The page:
The hunt for novel biomarkers for the diagnosis and monitoring of kidney diseases has intensified over the last decade, and several important advances are beginning to make their way into clinical medicine. Most notable is anti-PLA2R antibody testing for the diagnosis and monitoring of membranous nephropathy. In fact, a clinical test for anti-PLA2R antibodies was recently approved by the FDA for use in humans. However, we are only now beginning to see how this test will shape clinical practice. FSGS is not without exception. SuPAR is a potential biomarker, and efforts are underway to clarify its role. In a recent article in AJKD, Zhang et al explore the utility of measuring microRNAs (miRNAs) in patients with FSGS. miRNAs are beginning to gain traction as a biomarker in multiple fields, most notably oncology. miRNAs are small non-coding RNAs of approximately 20 nucleotides in length. They function to silence or regulate gene expression by base-pairing with complementary sequences within mRNA (or coding RNA). miRNAs are highly conserved and thought to be an evolutionary form of gene regulation. miRNAs are also stable in the circulation, and can enter cells to regulate target gene expression in distant organs. miRNAs are named numerically in the order of their discovery and not for their biological function (e.g., miR-1 was discovered first, and miR-100 came later). Furthermore, capital “miR-” refers to the mature form of the miRNA, while the small case “mir-” refers to the pre-miRNA or pri-miRNA. Lastly, all capital “MIR” refers to the gene that encodes each of them.
Zhang et al screened and verified two independent Chinese cohorts of patients with FSGS for miRNAs. In the screening and validation phase, they pooled plasma from 9 patients with FSGS and nephrotic syndrome and 9 healthy controls, and ran a panel of known miRNAs. This showed that 161 miRNAs were detectable in both groups. After qPCR verification, they were left with 6 miRs that had 2-fold greater upregulation in the FSGS pool compared to the control pool. Of these 6 miRs, only 3 were at a detectable range: miR-125b, miR-186, and miR-193a-3p. The group focused on these 3 miRs for the duration of the study. The next step was to validate these 3 miRs in a separate cohort of patients (again of Chinese origin) with FSGS and nephrotic syndrome (n=32) and healthy controls (n=30). ROC curves were then performed in order to demonstrate how these miRs discriminate between FSGS and healthy patients, and all showed decent area under the curve (0.882 for miR-125b, 0.789 miR-186, and 0.910 miR-193a-3p, specificity and sensitivity range from 80-93% and 62-81% respectively with miR-186 being most specific and miR-125b being most sensitive). The combination of all 3 miRs produced a specificity of 93% and sensitivity of 91%.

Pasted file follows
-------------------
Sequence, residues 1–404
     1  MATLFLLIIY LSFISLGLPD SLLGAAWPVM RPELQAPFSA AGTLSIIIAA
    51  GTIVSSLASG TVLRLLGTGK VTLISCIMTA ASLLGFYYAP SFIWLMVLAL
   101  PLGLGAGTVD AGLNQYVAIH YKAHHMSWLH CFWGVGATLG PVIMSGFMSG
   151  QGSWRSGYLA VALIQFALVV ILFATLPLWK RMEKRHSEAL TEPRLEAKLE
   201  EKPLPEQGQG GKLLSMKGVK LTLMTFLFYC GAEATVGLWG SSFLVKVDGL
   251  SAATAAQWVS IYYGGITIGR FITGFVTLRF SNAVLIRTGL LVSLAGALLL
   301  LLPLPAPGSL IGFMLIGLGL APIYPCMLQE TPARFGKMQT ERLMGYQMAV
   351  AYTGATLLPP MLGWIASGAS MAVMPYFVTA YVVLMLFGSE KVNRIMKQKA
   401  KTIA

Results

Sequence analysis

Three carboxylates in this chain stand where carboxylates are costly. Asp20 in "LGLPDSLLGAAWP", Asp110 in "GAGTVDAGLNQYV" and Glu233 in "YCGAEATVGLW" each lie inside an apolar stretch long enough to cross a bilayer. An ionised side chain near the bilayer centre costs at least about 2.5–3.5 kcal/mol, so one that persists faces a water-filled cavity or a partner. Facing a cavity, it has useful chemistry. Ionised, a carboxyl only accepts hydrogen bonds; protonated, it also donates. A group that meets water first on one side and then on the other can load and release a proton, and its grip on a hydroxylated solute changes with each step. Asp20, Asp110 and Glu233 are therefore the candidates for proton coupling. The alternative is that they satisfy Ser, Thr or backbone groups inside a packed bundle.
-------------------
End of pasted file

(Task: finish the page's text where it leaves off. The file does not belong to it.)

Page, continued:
They next looked at how these 3 miRs change according to disease status. They used a separate cohort of patients with FSGS with nephrotic syndrome (n=37) and patients with FSGS in complete remission. Of the 3 miRs, miR-125b, and miR-186 were able to discriminate between disease and remission, but not miR-193a-3p. In a real tour de force, this group performed a prospective study to see if miR-125b and miR-186 levels changed in individual patients before and after steroid treatment for 8 weeks. These data indicated that miR-186, but not miR-125b, levels returned to baseline after successful treatment with steroids therapy. They concluded that miR-186 is a potential biomarker for FSGS activity as it could reliably distinguish between FSGS and controls, and decreased with remission. The group also demonstrated that neither miR-125b nor miR-186 were increased in other forms of nephrotic syndrome, including membranous and diabetic nephropathy.
This is an intriguing study that will need to be replicated in other FSGS cohorts as this was a fairly homogenous group of younger Chinese patients with FSGS. Furthermore, it is unclear if biopsies were obtained in any of the patient with FSGS. The biologic plausibility of miR-186 or even miR-125b contributing to the pathogenesis is rooted in how these miRs regulated genes such as PTTG1, POXO1, P2X7 receptor, or AKAP12. These are genes involved in cell-cycle control, AKT signaling, insulin signaling, and calcium signaling, and all have been shown to influence podocyte function. Whether or not these studies can be replicated in other cohorts will be the true test of their usefulness. Even then, how these tests will guide patient care will take time to completely elucidate. The Holy Grail is finding a way to manipulate one of these miRs to modify disease progression. As miRs regulate so many genes, off target gene repression could represent a real limitation to this approach. I look forward to seeing where this story goes as the current drug armamentarium to treat FSGS is quite limited.
Dr. Matt Sparks
AJKD Blog Advisory Board